Etiquette courses are springing up for parents who no longer have the time to teach children manners. ...NYT
Wait! If they don't have time for manners, do they have time for children? Does this explain a whole lot about the problems -- including, yes, school shootings -- that have gone from rarities to near epidemic? The above Times quote comes from a front page lure leading to an article explaining that parents now send their kids to a restaurant in San Francisco to learn manners at almost $300 a pop (or mom).
The place is Chenery Park, a restaurant with low lights, cloth napkins, $24 grilled salmon and “family night” every Tuesday. Children are welcome, with a catch: They are expected to behave — and to watch their manners, or learn them. Think upscale dining with training wheels.
Chenery Park has many allies in the fight to teach manners to a new generation of children. Around the country, there are classes taught by self-appointed etiquette counselors — Emily Posts for a new age — delivering a more decentralized and less formal approach to teaching manners than in years past. A few restaurants, like Chenery Park, and high-end hotels set aside space and time for families.
These etiquette experts say that new approaches are needed because parents no longer have the stomach, time or know-how to play bad cop and teach manners. ...NYT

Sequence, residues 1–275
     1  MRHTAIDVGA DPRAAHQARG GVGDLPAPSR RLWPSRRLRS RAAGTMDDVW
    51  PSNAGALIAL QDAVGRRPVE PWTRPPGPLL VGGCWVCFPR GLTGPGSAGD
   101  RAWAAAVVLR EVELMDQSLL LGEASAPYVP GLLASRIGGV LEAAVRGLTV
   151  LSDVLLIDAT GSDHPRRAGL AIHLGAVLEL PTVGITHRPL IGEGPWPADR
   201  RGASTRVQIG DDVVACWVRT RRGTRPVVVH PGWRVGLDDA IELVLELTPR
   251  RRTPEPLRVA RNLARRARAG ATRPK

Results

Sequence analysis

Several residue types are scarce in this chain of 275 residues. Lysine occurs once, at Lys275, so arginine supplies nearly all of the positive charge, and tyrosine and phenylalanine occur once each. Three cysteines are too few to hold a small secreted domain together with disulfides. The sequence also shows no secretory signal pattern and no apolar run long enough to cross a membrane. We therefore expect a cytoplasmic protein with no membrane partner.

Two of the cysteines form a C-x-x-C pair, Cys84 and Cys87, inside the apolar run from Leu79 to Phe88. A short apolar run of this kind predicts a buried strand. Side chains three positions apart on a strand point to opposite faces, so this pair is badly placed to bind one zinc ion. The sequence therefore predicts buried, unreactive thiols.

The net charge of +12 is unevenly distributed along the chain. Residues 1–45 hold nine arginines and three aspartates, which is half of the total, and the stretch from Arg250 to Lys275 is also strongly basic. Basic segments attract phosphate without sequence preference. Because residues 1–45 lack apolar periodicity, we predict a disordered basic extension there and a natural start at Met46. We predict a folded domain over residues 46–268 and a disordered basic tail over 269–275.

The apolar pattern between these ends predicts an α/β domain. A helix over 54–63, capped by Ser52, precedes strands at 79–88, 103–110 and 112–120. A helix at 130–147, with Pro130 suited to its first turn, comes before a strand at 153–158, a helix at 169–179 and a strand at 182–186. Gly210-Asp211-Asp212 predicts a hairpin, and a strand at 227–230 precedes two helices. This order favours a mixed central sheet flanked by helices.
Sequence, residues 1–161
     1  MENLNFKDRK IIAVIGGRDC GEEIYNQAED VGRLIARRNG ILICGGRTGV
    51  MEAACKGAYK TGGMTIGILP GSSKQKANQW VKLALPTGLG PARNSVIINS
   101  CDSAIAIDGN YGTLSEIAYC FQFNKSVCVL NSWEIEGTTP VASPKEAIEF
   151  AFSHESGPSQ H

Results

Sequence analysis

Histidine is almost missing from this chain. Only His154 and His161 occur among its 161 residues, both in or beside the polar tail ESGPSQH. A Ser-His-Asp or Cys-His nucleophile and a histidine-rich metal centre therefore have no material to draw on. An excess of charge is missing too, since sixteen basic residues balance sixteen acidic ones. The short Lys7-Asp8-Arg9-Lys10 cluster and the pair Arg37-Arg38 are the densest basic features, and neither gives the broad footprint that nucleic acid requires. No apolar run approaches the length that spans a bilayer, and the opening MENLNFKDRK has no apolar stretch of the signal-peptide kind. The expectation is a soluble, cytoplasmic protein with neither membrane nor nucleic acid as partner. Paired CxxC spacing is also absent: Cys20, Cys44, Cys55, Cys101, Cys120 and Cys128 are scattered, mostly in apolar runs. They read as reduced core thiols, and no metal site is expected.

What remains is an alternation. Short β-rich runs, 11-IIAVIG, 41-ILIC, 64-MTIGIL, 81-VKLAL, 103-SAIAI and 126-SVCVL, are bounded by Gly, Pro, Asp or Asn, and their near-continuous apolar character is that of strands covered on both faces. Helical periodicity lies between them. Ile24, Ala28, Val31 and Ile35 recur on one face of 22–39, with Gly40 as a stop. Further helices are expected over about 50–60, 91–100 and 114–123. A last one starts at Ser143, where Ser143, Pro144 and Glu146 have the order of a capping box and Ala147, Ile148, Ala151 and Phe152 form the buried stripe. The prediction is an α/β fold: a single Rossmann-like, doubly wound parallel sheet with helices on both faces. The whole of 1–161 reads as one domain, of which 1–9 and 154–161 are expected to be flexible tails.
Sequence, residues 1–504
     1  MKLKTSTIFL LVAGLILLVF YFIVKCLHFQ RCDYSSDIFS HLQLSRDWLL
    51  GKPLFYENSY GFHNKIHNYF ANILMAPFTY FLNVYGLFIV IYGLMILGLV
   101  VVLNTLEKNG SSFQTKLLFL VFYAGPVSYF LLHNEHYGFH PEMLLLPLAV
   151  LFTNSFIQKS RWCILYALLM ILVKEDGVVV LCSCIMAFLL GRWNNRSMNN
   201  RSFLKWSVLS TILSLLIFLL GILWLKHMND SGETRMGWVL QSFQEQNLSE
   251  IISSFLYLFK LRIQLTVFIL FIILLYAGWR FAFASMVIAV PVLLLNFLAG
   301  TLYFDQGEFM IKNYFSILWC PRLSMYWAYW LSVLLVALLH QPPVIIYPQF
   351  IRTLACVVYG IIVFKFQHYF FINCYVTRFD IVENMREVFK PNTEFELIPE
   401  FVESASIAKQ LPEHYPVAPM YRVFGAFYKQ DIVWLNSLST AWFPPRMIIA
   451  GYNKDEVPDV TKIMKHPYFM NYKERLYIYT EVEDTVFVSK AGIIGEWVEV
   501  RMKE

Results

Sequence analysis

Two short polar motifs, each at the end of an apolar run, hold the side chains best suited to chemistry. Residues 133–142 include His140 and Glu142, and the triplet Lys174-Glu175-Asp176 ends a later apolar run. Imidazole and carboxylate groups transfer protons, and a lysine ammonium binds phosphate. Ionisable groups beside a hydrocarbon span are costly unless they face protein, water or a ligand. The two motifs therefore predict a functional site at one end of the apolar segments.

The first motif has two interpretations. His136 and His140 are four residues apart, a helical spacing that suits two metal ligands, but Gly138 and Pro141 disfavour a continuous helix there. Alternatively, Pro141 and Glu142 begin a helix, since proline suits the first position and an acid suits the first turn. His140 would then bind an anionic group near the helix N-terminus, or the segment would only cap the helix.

Honest! This restaurant thing is a symptom, not a cure.
Go ahead. Scoff! Laugh! But first please vote for every elected Republican across the country be sent to Chenery Park. They had or have lousy parents.
Parents prove to be no more civilized than their children, another manners counselor points out.
“Kids have stopped making eye contact at one another,” Ms. Neitlich said. “They bring their technology to the table. She added that it is true of parents, too: “Everyone is in a hurry. Things are clipped, clipped, clipped.”
It all makes teaching manners at home challenging, said Faye de Muyshondt, the founder of Socialsklz, which teaches workshops in New York City on etiquette and social skills. Modern children seem to want no part of the conversation, she said.
“Say the words ‘manners’ or ‘etiquette’ to kids these days, and they run the other direction,” she said. She prefers teaching the children that they are “building the brand called ‘you.’ ”...NYT
Puh-lease. No more "me's"! Could we reintroduce "us" as a concept? Even Ms. Neitlich talks about "making eye contact at one another." How about "making eye contact with one another"?